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Workplace injuries: OSHA cites newspaper for repeat violations

Many industries nationwide, including in Georgia, expose machine operators to the hazards associated with moving parts. The Occupational Safety and Health Administration has strict safety regulations related to this hazard, and employers must take appropriate measures to prevent workplace injuries. Unfortunately, some companies continue to disregard these regulations, leading to OSHA launching a program to emphasize amputation hazards in the workplace.

As a part of this program, OSHA inspected the premises of a newspaper company in another state that had previously been cited for failure to protect machine operators. Inspectors found that, although the company had previously been found guilty of exposing workers to moving machine parts, machines remained without guards and employees continued to be exposed to amputation hazards. Furthermore, no mechanism to prevent machines from unexpected activation had been installed since the previous citations.

OSHA says continuous disregard of worker safety is unacceptable and will not be tolerated. Many workers recognize the risks of their occupations and expect their employers to ensure safe workplace environments. Unfortunately, because of the lack of other job opportunities, workers may endure the dangerous workplace environments, not realizing that they are entitled to report such violations.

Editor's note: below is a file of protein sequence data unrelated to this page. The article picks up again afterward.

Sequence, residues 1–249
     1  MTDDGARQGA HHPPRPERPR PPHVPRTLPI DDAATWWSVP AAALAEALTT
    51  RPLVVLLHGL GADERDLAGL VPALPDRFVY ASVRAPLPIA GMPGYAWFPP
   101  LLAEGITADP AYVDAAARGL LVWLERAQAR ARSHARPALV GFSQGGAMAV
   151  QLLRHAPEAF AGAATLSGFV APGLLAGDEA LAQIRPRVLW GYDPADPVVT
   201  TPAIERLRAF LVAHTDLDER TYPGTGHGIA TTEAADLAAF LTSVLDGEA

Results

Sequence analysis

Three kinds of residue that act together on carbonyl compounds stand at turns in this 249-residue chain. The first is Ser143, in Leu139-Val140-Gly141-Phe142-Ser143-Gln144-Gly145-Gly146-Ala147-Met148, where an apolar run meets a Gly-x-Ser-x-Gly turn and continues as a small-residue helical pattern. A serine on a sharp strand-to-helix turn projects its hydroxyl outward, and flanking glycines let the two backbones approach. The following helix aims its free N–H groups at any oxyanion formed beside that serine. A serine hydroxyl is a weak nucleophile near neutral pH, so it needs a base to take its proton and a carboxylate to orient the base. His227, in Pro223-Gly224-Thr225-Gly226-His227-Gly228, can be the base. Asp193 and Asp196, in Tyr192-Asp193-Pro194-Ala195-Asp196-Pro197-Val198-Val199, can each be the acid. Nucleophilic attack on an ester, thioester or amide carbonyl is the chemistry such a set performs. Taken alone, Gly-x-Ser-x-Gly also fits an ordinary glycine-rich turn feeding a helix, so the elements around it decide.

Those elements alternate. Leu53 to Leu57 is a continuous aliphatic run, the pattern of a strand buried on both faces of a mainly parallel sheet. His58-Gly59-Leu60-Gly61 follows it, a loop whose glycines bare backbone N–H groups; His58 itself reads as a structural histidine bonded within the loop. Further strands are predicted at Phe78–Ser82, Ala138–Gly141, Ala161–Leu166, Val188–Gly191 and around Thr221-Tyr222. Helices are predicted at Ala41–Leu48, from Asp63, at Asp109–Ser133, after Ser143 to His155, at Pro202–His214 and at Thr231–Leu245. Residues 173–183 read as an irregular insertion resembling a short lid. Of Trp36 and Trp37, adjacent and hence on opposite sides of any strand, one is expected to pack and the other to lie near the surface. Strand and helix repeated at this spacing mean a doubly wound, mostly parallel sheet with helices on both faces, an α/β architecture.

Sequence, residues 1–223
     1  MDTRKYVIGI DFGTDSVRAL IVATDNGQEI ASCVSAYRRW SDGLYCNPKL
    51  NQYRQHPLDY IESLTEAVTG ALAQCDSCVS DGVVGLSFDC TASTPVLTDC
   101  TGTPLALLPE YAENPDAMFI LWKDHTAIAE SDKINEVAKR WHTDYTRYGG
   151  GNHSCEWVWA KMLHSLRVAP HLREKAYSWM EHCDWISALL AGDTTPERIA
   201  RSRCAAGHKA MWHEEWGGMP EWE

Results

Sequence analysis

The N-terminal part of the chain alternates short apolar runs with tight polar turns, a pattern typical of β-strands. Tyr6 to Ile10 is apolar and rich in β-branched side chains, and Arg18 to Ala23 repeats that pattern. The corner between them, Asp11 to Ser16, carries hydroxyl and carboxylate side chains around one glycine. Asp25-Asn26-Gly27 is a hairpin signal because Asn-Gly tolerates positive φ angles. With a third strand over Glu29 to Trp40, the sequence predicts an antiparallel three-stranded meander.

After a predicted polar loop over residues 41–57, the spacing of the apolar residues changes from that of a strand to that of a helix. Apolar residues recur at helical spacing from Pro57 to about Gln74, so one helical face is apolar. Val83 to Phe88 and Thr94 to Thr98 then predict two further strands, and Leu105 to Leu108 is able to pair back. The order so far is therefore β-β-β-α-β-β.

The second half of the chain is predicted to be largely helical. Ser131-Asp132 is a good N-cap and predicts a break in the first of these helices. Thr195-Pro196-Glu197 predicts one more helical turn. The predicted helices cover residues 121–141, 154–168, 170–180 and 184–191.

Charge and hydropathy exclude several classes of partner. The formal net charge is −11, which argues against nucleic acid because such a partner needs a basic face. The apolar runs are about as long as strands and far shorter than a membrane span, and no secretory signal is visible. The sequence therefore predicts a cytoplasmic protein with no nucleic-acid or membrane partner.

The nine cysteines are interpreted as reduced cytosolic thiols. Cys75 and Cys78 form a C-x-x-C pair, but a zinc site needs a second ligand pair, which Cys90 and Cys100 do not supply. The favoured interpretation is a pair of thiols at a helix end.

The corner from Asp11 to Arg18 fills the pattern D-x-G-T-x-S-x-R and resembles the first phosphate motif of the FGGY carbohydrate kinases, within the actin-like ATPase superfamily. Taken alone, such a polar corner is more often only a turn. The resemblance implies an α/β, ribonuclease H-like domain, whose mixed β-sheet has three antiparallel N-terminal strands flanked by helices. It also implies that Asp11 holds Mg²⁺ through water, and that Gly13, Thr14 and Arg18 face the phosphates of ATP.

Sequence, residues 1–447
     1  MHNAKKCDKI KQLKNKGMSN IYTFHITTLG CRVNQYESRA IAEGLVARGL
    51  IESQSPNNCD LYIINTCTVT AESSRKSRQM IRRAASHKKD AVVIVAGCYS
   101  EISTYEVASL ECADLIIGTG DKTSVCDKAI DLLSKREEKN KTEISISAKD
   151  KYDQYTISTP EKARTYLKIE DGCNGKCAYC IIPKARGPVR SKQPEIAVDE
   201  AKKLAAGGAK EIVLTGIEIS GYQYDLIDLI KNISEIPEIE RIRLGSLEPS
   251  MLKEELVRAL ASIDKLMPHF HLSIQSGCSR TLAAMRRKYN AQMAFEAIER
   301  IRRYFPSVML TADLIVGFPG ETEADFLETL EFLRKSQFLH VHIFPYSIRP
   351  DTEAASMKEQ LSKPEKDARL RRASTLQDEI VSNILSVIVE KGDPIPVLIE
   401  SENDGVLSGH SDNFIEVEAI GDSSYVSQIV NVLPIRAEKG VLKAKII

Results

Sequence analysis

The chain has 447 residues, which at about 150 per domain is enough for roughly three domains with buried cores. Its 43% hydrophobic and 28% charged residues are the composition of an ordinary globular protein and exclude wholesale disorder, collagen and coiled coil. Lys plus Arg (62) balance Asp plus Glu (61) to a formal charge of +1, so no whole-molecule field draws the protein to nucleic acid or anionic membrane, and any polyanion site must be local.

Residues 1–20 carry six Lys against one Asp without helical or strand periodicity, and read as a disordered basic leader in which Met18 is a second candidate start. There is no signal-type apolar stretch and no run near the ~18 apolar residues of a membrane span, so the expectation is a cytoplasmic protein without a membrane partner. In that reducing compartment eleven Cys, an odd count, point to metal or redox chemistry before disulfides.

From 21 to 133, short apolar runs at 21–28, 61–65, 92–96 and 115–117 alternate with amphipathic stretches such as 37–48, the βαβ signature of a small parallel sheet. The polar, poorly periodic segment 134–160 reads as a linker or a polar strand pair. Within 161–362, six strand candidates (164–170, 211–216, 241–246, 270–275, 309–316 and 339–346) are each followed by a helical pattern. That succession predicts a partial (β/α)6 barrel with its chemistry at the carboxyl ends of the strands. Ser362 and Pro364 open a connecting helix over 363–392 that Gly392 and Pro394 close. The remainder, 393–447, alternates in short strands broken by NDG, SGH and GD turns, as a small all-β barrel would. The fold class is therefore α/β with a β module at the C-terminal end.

Georgia workers who have suffered workplace injuries may have to face many financial challenges. When workplace accidents lead to amputations, the victim’s ability to continue working may be jeopardized, causing severe hardship for the worker and his or her family. Fortunately, some level of financial assistance is available for workers who are covered by workers’ compensation. Benefit claims typically cover medical expenses and lost wages along with additional compensation for temporary or permanent disability.

Source: 11alive.com, “OSHA: AJC cited for dismemberment, electrocution dangers”, Christopher B Buchanan, Aug. 5, 2015